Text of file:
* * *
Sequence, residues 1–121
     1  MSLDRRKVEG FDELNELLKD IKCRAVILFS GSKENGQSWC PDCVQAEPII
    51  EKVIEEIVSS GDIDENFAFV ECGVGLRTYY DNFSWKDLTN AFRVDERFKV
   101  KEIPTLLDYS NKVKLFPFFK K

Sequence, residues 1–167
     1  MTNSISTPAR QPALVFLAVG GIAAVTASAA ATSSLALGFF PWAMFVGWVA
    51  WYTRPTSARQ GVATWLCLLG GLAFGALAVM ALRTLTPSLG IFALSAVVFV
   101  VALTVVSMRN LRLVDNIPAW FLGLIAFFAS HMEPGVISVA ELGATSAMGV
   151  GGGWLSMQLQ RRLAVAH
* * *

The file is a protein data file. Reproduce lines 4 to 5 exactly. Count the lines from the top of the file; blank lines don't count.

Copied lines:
   101  KEIPTLLDYS NKVKLFPFFK K

Sequence, residues 1–167